In the arrangement of this invention, the searching characteristic is input byte by byte into the storage stages of the read-write store. One entire block of characteristics is always read out from the data file storage zone, and all of the bytes of this block are compared simultaneously so that the searching process proceeds at an optimum speed. The storage zone which is not required for the data file can be used as a conventional working store (or read-write store) and may be organized to read and write data having a width of one byte or several bytes.
In a particularly advantageous embodiment of the present invention, the first input of the comparator is connected to the data bus through a storage stage having a width of a bytes, with a second input of the comparator being connected through a storage bus to the data port of the read-write store, with a bus separator stage interconnecting the storage bus with the data bus. During the searching process, the bus separator stage is switched to a high-impedence (three state) state by a searching mode signal on a control line.
The arrangement of the present invention is characterized by relatively low complexity and cost. All of the comparators are of identical construction. The searching combinations are written into the storage stages only once, before the start of the searching process. The bus separator stage serves to cut off the read-write storage from the data bus for the duration of the searching process.
It is expedient to provide a searching mode address control unit having address inputs connected over an auxiliary address bus to the highest value bits of the storage device address lines, and a control line from the searching mode address control unit to the selection inputs (CS or chip select inputs) of the read-write stores, so that all of the read-write stores within the data file storage zone are activated during the searching process. This facilitates the conventional addressing of the read-write stores and simultaneous read out of all bytes within a characteristic block with the same address.
These and other objects and advantages of the present invention will become manifest by review of the following description and accompanying drawings.
Reference will now be made to the accompanying drawings in which:
FIG. 1 is a functional block diagram illustrating a preferred embodiment of the present invention;
FIG. 2 is a functional block diagram of a microcomputer circuit incorporating the present invention; and
FIGS. 3 and 4 are diagramatic illustrations of two different organizations of the working store used in connection with the present invention.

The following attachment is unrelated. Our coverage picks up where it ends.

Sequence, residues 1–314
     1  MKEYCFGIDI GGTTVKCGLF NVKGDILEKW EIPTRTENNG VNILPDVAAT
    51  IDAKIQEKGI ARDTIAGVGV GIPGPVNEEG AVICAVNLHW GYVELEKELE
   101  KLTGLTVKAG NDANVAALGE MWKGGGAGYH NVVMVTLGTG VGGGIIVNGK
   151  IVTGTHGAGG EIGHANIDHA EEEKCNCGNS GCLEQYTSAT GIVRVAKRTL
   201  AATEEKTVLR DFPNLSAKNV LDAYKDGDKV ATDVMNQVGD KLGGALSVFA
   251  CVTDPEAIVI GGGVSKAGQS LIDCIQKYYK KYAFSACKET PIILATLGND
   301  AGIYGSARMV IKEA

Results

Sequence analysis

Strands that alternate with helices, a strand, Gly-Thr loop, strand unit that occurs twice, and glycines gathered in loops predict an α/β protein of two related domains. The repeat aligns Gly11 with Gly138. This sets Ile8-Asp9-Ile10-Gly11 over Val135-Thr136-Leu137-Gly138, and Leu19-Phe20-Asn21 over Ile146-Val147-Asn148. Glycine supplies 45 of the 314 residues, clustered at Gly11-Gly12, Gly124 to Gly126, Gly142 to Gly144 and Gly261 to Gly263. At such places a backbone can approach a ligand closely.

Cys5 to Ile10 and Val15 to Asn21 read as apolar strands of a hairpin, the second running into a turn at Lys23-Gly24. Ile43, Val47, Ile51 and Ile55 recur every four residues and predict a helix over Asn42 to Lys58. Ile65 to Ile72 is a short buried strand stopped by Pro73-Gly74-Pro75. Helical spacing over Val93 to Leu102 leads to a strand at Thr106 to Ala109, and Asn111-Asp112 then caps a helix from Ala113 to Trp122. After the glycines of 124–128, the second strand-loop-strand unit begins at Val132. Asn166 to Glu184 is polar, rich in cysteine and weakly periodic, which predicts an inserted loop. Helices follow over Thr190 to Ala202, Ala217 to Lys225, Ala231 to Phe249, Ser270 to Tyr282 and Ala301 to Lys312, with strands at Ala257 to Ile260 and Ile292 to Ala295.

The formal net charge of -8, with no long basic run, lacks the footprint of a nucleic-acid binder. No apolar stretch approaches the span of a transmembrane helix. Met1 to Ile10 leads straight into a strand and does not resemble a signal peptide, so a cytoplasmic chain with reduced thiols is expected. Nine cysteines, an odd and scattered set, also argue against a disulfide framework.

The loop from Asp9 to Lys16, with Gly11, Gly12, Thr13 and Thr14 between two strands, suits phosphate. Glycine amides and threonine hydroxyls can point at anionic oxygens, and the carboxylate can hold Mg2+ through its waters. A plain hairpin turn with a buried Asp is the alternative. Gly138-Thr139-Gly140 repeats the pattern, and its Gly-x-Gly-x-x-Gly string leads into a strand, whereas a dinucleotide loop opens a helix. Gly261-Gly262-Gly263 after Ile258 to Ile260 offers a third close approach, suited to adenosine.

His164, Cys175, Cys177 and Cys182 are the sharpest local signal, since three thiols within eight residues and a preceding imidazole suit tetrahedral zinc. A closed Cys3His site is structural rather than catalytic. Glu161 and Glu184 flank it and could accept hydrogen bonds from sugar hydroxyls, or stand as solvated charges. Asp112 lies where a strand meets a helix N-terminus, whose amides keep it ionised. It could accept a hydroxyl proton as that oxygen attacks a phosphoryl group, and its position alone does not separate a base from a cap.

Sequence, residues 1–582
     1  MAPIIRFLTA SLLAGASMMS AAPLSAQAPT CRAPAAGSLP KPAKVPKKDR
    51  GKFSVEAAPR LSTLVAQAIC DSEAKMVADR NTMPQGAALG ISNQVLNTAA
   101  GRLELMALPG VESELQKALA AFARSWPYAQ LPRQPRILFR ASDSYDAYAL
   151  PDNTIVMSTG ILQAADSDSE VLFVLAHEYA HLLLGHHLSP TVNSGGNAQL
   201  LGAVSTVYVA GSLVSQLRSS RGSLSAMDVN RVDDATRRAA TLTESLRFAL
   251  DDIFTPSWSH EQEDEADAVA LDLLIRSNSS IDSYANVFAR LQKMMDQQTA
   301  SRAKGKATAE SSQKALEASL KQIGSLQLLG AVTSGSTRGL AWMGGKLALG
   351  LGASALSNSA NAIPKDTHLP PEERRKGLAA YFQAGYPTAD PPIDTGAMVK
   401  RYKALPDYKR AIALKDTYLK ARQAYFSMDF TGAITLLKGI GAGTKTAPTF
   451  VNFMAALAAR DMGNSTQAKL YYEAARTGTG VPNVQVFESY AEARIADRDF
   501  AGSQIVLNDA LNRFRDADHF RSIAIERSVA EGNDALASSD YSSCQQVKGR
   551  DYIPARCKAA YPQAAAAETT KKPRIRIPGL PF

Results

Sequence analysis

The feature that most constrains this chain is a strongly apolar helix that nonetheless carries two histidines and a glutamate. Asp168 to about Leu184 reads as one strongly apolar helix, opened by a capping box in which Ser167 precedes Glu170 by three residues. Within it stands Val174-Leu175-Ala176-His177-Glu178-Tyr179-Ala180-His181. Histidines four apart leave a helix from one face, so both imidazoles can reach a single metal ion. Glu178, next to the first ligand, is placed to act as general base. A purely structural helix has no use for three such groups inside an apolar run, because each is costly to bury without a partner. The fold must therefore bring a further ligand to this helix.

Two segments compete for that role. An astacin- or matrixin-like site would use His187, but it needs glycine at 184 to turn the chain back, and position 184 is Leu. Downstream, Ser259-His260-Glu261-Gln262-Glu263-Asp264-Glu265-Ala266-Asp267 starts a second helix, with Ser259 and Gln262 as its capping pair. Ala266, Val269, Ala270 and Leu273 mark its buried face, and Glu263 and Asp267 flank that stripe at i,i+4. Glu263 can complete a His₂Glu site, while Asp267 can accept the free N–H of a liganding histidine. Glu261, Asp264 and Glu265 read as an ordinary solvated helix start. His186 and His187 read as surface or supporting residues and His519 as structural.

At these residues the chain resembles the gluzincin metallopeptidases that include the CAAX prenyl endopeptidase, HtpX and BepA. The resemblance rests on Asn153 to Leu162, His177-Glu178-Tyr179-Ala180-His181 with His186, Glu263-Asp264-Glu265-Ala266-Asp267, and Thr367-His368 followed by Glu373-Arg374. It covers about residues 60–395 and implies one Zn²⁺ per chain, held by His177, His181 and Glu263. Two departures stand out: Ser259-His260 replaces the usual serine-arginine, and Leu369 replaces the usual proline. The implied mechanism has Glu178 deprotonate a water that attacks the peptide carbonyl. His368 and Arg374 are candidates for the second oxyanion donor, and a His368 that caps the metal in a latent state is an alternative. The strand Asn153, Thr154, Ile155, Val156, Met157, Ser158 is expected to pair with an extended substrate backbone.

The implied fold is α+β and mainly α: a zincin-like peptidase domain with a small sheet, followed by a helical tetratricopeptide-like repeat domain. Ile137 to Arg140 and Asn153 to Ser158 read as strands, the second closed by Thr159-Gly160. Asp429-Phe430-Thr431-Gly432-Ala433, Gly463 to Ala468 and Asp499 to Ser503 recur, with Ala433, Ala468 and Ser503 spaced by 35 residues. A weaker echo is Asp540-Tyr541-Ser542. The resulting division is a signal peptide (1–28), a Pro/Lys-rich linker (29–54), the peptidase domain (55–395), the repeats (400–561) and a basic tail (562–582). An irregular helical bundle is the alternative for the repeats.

1. Field of the Invention
The present invention relates to microcomputer systems for data processing and for the high-speed location of blocks of characteristics stored in the data file storage zone of a working storage device, and more particularly to such systems in which the blocks of characteristics are several bytes in length.
2. The Prior Art
In many applications of microcomputer systems, such as radio switching, it is expedient to work with blocks of characteristics. In a radio switching system, each subscriber is assigned a specific combination of signals (representative of letters and numerals) which is stored as a characteristic block. On the basis of the stored characteristic blocks, it can be determined whether a given subscriber is still located within radio exchange range. If a subscriber, upon being interrogated, does not answer within a specific interval of time, his characteristic block is erased from the working storage. Naturally, it is also possible to store not only the characteristic block but also additional associated data, for example, charges. The use of characteristic blocks is in no way confined to exchange devices but is suitable for data files of all kinds.
The "Micro-Computer User's Manual SAB8085" published by Siemens, Order No. B1825.101, discloses on Pages A1-6 and A1-7 a microprocessor system with a block hunting device. Here the hunting or searching process takes place by way of a DMA (direct memory access) controller, in which the searching process involves a comparison which is carried out byte by byte. When the byte search for has been located, the comparator emits a signal which terminates the searching process. The circuit described in the Siemens publication referred to above is particularly suitable for locating blocks of characteristics in which the block is only one byte in length. If a block of characteristics comprises several bytes, the bytes must be checked individually and in turn. However, in the case of extensive data files, with characteristic blocks having a length of several bytes, the process described in the Siemens publication referred to above is not feasible, because of the excessive requirements for searching time.